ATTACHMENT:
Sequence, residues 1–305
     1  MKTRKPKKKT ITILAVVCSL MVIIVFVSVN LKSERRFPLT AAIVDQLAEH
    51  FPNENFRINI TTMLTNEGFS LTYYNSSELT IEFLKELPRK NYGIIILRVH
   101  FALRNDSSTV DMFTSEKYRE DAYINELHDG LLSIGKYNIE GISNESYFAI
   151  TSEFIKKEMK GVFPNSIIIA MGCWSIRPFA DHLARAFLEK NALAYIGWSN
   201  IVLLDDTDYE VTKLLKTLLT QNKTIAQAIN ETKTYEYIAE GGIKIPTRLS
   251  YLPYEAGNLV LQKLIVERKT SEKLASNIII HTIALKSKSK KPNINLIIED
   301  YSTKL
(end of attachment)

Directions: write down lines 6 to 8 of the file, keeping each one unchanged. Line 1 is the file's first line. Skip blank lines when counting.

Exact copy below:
   201  IVLLDDTDYE VTKLLKTLLT QNKTIAQAIN ETKTYEYIAE GGIKIPTRLS
   251  YLPYEAGNLV LQKLIVERKT SEKLASNIII HTIALKSKSK KPNINLIIED
   301  YSTKL